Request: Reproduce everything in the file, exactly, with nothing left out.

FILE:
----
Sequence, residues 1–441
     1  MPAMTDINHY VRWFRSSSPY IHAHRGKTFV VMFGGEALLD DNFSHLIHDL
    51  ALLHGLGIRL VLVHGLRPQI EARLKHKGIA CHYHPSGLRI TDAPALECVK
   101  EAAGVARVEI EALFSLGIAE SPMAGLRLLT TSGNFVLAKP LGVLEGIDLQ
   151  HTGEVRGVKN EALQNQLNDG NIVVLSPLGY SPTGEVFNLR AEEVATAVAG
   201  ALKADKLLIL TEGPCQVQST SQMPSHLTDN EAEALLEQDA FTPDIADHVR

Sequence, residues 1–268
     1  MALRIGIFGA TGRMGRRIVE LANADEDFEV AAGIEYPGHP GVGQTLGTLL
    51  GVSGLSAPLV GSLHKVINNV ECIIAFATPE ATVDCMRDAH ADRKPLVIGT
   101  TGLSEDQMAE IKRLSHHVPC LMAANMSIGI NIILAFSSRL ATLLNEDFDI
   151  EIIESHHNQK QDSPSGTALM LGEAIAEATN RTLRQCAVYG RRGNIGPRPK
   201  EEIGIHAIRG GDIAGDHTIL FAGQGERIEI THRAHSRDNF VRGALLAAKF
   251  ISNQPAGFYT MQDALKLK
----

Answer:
Sequence, residues 1–441
     1  MPAMTDINHY VRWFRSSSPY IHAHRGKTFV VMFGGEALLD DNFSHLIHDL
    51  ALLHGLGIRL VLVHGLRPQI EARLKHKGIA CHYHPSGLRI TDAPALECVK
   101  EAAGVARVEI EALFSLGIAE SPMAGLRLLT TSGNFVLAKP LGVLEGIDLQ
   151  HTGEVRGVKN EALQNQLNDG NIVVLSPLGY SPTGEVFNLR AEEVATAVAG
   201  ALKADKLLIL TEGPCQVQST SQMPSHLTDN EAEALLEQDA FTPDIADHVR

Sequence, residues 1–268
     1  MALRIGIFGA TGRMGRRIVE LANADEDFEV AAGIEYPGHP GVGQTLGTLL
    51  GVSGLSAPLV GSLHKVINNV ECIIAFATPE ATVDCMRDAH ADRKPLVIGT
   101  TGLSEDQMAE IKRLSHHVPC LMAANMSIGI NIILAFSSRL ATLLNEDFDI
   151  EIIESHHNQK QDSPSGTALM LGEAIAEATN RTLRQCAVYG RRGNIGPRPK
   201  EEIGIHAIRG GDIAGDHTIL FAGQGERIEI THRAHSRDNF VRGALLAAKF
   251  ISNQPAGFYT MQDALKLK